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ICYMI: Science and technology updates from July 28 to August 3, 2019.

With dengue cases on the rise, Malacañang mulls Dengvaxia use


Malacañang is open to making the controversial Dengvaxia vaccines available in the market again in the wake of continuously rising cases of dengue in the country.

Presidential spokesperson Salvador Panelo said Wednesday that the Duterte is “open to anything that will benefit the Filipino people” after former Health Secretary Janette Garin urged the government to “listen to real experts” and allow the vaccines accessible to the public anew.

DOST set to release herbal food supplement vs dengue

From The Philippine Star:

DOST Secretary Fortunato dela Peña said the herbal food supplement for dengue fever developed by local herbal products manufacturer Herbanext has shown high efficiency in helping dengue fever patients recover.

He added that the research and development (R&D) of Herbanext to develop a cure for dengue was closely monitored by the DOST as it has been pursued with funding support by the DOST Philippine Council for Health Research and Development (PCHRD).

The herbal formula, he clarified, is “not yet considered a drug because that requires two phases of clinical trials.”

“It is just a herbal supplement (as of now). No prescription needed. To be approved as a drug, it has to go through two phases of clinical trials. Only after getting good results from the clinical trials can they be submitted to FDA for approval as a drug. These take time,” dela Peña told The Star.

Endangered sea turtle’s remains found in Camarines Sur

(Image: DENR)

Via Rappler:

A giant leatherback male sea turtle locally called here as pawikan was found dead along the seashore of Barangay Caraosan, Bula town in Camarines Sur by a local fisherman on Sunday, July 28.

The giant male pawikan with a length of 138 centimeters and a weight of 200 kilograms was found by local fisherman Tirso Renegado.

According to Renegado’s report to Henry Bismonte, the municipal environment and natural resources officer (MENRO) of Bula town, the pawikan was already dead and entangled with rope when he found it.

NASA’s TESS finds promising new world

The layout of the GJ 357 system. (Image: NASA’s Goddard Space Flight Center/Chris Smith)

Via ScienceDaily:

A piping hot planet discovered by NASA’s Transiting Exoplanet Survey Satellite (TESS) has pointed the way to additional worlds orbiting the same star, one of which is located in the star’s habitable zone. If made of rock, this planet may be around twice Earth’s size.

The new worlds orbit a star named GJ 357, an M-type dwarf about one-third the Sun’s mass and size and about 40% cooler that our star. The system is located 31 light-years away in the constellation Hydra. In February, TESS cameras caught the star dimming slightly every 3.9 days, revealing the presence of a transiting exoplanet — a world beyond our solar system — that passes across the face of its star during every orbit and briefly dims the star’s light.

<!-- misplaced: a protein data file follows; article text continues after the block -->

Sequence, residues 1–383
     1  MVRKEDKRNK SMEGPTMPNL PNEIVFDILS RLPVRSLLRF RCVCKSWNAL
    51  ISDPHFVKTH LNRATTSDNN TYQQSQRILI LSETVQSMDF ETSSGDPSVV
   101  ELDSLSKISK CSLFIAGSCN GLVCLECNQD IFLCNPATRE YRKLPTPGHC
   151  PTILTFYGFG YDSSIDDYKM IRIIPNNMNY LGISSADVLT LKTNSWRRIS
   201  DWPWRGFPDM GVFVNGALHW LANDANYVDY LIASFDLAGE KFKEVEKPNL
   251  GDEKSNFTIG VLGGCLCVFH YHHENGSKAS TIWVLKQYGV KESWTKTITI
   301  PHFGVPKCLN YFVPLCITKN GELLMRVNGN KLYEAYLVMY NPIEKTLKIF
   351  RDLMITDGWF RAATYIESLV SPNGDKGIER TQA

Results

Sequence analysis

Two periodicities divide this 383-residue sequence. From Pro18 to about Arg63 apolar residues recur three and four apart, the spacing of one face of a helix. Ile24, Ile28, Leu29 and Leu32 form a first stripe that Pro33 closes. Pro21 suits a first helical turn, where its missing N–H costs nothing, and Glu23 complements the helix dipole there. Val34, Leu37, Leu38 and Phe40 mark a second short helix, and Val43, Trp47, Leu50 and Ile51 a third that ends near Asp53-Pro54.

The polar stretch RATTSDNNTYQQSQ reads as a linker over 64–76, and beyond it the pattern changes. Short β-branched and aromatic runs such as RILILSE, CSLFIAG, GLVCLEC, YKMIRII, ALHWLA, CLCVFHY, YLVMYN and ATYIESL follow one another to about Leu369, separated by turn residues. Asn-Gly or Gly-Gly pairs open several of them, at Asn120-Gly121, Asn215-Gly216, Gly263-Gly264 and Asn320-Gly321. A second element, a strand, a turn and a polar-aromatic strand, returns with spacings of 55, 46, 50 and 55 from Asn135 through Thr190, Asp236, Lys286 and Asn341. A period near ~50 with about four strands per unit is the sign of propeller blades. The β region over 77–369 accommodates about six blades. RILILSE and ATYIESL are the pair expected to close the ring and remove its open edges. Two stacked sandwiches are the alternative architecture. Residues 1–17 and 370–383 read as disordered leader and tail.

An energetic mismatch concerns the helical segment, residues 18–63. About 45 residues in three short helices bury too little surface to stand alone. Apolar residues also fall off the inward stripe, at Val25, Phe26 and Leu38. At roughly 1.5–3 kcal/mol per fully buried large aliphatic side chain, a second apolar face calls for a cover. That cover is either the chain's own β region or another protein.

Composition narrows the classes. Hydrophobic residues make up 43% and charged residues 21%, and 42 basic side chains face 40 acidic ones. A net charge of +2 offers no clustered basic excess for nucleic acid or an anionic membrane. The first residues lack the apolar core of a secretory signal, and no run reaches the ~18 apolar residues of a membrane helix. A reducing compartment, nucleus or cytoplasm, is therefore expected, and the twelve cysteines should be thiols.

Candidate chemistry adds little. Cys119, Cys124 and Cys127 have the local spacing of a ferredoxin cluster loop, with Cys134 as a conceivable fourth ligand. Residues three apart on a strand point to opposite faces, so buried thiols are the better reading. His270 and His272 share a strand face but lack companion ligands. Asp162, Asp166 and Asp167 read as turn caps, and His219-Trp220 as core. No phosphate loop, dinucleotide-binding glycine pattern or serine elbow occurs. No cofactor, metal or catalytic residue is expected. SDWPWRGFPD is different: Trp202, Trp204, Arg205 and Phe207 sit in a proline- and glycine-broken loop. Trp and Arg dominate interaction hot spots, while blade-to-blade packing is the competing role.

You can fight ‘obesity genes’ with… jogging?!

Via LiveScience:

People who are genetically prone to obesity may gain weight more easily than others. But having so-called “obesity genes” does not make a person destined to pack on the pounds.

Case in point: A new study suggests that certain types of exercise may help ward off obesity, even for those who are genetically predisposed to the condition.

The study researchers analyzed information from more than 18,000 people in Taiwan ages 30 to 70 who provided blood samples and had their genomes sequenced. Participants reported whether they exercised regularly, and if so, what type of exercise they typically did.

For the first time ever recorded, dolphin mom adopts whale calf

(Image: National Geographic)

Via National Geographic:

[N]ew research has revealed the first known case of a wild bottlenose mom adopting a calf of another species.

In 2014, researchers spotted a bottlenose mother caring for an unusual-looking male calf, along with what was presumed to be her biological calf, in coastal waters off French Polynesia.

While bottlenose dolphins have slender beaks, the mysterious one-month-old’s beak was short and blunt. Eventually, the scientists identified the orphan as a melon-headed whale—an entirely different species and genus of dolphin.